Wilson Velloso; OAS News Officer and Foreign Reporter

By Joe Holley
Washington Post Staff Writer
Tuesday, October 17, 2006

Wilson Velloso, 88, a former chief news officer at the Organization of American States and a foreign correspondent for Brazilian and Spanish-language newspapers, died Sept. 28 of respiratory failure at his home in Zephyrhills, Fla. He was a former Bethesda resident.

Mr. Velloso was born in Sao Paulo, Brazil. In a 2002 article for Brazzil magazine, he recalled beginning to learn English at 5 from a British housekeeper who showed up one day in the small town near Sao Paulo where the Vellosos lived.

He received his bachelor's degree from the Sao Paulo Free School of Sociology and Politics (now a part of the University of Sao Paulo). He also studied at the London School of Journalism, the University of Cambridge, McGill University and Georgetown University.

In Brazil, he worked for several daily newspapers, including Correio da Manha of Rio de Janeiro and Folha de Sao Paulo. He also edited a literary magazine. Choosing to work in Argentina after the coup d'etat of Brazilian dictator Getulio Vargas, he wrote in Buenos Aires for the arts publication Sonido and the daily newspaper Pregon.

During World War II, he worked in Sao Paulo for the news bureau of the Office of the Coordinator of Inter-American Affairs -- an organization then headed by Nelson A. Rockefeller -- and wrote a number of stories on the U.S.-Brazil war effort. He also worked as an assistant to Time magazine's Brazilian correspondent, where his primary duty was to negotiate with the magazine's Sao Paulo printers to fend off cuts demanded by Vargas's censors.

After the war, Mr. Velloso accepted a position with the British Broadcasting Corp. in London, working as a roving reporter in the BBC Latin American service. During the 1948 Olympics in London, he was general editor of the BBC Olympic Games Bulletin, a daily report carried by 600 radio stations in Latin America.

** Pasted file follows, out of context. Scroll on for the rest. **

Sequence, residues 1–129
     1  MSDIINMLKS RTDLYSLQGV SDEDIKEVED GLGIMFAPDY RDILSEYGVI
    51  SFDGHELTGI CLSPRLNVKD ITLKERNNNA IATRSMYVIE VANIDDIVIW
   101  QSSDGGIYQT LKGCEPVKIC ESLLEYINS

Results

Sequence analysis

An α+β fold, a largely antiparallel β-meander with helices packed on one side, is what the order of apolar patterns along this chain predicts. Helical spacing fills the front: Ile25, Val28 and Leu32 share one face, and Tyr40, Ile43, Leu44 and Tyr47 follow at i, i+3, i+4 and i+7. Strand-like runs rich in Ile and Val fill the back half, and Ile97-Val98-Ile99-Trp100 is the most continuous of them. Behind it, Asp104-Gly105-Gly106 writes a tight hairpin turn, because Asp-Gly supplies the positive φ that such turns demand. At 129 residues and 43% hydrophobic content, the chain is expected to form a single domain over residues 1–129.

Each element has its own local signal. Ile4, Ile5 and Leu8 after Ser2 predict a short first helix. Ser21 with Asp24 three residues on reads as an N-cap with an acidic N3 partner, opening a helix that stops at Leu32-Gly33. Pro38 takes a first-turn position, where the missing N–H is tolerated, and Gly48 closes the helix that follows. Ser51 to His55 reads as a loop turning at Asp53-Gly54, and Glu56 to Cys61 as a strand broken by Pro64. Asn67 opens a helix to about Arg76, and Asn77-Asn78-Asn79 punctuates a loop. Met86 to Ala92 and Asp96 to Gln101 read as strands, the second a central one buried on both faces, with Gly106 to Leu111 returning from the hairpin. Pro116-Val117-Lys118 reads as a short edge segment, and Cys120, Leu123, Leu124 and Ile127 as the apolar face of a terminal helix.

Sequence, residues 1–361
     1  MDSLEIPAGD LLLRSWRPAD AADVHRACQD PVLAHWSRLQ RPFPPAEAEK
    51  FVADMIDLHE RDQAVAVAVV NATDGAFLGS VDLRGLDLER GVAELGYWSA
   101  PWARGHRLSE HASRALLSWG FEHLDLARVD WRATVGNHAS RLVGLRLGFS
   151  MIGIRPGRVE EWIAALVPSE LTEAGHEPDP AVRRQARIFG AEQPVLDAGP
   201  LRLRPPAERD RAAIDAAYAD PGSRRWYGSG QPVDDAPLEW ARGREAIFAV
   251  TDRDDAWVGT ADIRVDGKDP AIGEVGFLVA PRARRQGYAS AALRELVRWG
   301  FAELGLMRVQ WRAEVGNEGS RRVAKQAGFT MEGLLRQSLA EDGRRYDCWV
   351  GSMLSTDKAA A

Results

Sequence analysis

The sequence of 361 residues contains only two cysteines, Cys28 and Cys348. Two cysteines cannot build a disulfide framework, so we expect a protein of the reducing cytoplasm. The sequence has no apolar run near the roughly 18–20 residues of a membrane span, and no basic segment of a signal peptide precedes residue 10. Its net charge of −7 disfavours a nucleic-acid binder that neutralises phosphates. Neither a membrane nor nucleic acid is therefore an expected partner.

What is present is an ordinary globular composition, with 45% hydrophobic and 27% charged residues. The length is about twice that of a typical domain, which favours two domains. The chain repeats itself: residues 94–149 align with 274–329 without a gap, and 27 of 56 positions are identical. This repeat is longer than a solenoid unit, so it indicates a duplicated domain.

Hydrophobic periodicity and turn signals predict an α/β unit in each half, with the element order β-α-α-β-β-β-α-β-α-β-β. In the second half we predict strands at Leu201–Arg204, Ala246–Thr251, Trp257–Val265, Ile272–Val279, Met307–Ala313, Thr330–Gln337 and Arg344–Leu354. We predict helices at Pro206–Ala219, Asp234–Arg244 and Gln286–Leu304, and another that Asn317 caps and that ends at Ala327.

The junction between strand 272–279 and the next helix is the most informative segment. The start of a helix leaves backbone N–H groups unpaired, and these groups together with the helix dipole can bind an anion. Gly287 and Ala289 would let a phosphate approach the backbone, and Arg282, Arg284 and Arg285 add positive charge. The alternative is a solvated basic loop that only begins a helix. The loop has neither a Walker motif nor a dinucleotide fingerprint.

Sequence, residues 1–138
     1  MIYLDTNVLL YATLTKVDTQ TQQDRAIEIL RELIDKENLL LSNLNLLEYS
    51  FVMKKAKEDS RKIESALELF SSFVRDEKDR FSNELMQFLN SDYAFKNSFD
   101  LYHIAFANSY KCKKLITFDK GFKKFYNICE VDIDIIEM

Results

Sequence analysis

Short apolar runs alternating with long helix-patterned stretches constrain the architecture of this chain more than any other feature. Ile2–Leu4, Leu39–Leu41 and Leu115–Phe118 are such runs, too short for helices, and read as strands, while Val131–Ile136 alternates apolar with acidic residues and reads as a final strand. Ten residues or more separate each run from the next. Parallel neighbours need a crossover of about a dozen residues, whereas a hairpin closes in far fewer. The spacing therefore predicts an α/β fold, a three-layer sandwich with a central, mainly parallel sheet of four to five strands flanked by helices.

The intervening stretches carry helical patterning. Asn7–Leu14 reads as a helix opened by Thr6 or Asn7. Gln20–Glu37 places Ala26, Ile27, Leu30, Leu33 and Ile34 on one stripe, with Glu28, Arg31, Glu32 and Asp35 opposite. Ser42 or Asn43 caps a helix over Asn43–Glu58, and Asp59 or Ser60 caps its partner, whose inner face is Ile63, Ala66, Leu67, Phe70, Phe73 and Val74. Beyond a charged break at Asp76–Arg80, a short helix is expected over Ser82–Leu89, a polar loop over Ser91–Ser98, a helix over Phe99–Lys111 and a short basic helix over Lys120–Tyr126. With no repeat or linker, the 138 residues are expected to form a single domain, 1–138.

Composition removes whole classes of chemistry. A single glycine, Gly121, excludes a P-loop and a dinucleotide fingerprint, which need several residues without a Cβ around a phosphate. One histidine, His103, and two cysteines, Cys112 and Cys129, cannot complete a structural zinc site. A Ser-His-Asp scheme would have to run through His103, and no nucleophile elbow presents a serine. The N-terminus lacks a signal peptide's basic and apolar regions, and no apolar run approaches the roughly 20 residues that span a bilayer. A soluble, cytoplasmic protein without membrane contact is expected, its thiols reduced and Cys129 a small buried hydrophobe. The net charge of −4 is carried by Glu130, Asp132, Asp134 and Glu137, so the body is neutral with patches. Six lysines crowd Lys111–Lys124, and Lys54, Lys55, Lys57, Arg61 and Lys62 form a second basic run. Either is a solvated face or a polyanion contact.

He returned to Brazil in the late 1940s, worked in Montreal for the Canadian Broadcasting Corp. and arrived in Washington in 1955 as a correspondent for Folha de Sao Paulo. In 1958, he joined the Organization of American States as an editor for the OAS publication Americas and then became the OAS chief of press in 1963, serving in that position for six years. He remained at the OAS until his retirement in 1980.

In retirement, he worked as a stringer for Reuters' Latin American wire and the Italian news agency ANSA and took short-term interpreting and translating assignments for corporations and government organizations. He moved to Florida in 1981.

That September, he described for The Washington Post a typical week in his life as a translator, interpreter and freelance journalist. His days began a little before six, he reported, with carrot and beet juice, papaya, an alphabet of vitamins and modified yoga exercises.

"At my age," he asked himself, "is it worth going through all this, denying myself eggs, pancakes, toast, marmalade, coffee? In a few days, my father will be 91. My grandfather was 94 when he died. It's a long-living family."

Mr. Velloso's marriages to Claire Velloso, Helga Velloso and Pat McCormick Velloso ended in divorce.

Survivors include his wife of 19 years, Barbara Robb Velloso of Zephyrhills; a daughter from the first marriage, Heloisa Velloso of Sao Paulo; and a son from the second marriage, Daniel W. Velloso of Bethesda; four stepsons from the fourth marriage, David Tidman of Washington, Christopher Tidman of Roanoke, Jonathan Tidman of Westborough, Mass., and Peter Tidman of Ossipee, N.H.; and 12 grandchildren.

© 2006 The Washington Post Company